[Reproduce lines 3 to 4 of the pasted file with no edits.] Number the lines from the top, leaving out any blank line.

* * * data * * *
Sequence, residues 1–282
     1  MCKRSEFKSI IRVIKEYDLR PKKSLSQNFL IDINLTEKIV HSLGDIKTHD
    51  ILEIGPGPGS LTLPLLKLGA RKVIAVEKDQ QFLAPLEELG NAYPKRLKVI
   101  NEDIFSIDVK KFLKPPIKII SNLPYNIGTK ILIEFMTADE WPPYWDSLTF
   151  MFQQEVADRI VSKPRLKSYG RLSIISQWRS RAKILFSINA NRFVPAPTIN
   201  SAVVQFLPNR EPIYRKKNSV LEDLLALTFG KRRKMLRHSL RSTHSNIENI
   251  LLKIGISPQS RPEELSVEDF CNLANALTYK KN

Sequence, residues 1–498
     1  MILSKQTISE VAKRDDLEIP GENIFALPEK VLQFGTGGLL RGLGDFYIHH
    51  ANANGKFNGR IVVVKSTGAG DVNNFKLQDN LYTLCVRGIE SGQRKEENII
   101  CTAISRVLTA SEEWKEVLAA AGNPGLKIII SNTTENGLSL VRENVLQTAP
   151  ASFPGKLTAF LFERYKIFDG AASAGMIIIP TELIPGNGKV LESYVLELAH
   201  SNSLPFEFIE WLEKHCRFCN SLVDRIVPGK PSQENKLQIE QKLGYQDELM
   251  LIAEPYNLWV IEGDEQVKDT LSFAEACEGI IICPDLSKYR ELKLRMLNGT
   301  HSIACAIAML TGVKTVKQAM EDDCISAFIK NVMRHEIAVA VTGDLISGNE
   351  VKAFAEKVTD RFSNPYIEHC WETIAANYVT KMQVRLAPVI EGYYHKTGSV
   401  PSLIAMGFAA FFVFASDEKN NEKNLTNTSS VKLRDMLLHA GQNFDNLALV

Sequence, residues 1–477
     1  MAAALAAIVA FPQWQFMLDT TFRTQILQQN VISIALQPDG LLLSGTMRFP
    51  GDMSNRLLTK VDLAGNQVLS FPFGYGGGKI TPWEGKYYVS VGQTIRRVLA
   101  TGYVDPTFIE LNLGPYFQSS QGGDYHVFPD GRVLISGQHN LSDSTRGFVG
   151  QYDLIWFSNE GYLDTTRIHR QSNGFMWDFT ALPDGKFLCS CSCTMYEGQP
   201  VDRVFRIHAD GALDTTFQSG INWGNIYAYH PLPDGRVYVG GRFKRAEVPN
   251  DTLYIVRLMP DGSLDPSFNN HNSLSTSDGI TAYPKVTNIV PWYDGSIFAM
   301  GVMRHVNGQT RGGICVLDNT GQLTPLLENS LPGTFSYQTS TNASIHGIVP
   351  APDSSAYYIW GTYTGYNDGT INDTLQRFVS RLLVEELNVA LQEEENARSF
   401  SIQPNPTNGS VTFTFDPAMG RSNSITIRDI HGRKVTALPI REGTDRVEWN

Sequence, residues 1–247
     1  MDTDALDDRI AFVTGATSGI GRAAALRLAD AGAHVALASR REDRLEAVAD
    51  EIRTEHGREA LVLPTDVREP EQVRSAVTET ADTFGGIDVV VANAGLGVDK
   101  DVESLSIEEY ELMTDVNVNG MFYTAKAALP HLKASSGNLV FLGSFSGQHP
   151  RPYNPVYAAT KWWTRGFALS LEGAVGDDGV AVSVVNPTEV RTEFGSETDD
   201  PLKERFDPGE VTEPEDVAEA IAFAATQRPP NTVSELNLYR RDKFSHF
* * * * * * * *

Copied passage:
    51  ILEIGPGPGS LTLPLLKLGA RKVIAVEKDQ QFLAPLEELG NAYPKRLKVI
   101  NEDIFSIDVK KFLKPPIKII SNLPYNIGTK ILIEFMTADE WPPYWDSLTF